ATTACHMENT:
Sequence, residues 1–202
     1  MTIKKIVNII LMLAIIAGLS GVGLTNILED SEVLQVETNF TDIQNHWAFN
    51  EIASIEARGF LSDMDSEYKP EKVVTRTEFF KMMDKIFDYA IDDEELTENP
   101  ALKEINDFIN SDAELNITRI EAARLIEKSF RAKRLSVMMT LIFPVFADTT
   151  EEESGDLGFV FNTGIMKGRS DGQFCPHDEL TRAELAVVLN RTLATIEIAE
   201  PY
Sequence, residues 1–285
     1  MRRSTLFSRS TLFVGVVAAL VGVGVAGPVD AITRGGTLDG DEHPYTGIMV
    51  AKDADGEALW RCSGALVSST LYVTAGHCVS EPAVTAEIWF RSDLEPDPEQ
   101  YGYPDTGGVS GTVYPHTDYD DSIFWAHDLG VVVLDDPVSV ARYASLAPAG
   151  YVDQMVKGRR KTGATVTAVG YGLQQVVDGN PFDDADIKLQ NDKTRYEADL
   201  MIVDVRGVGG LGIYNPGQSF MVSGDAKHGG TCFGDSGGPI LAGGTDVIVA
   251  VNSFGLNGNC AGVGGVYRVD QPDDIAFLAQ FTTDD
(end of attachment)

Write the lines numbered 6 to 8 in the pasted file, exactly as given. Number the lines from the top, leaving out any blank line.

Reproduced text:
   201  PY
Sequence, residues 1–285
     1  MRRSTLFSRS TLFVGVVAAL VGVGVAGPVD AITRGGTLDG DEHPYTGIMV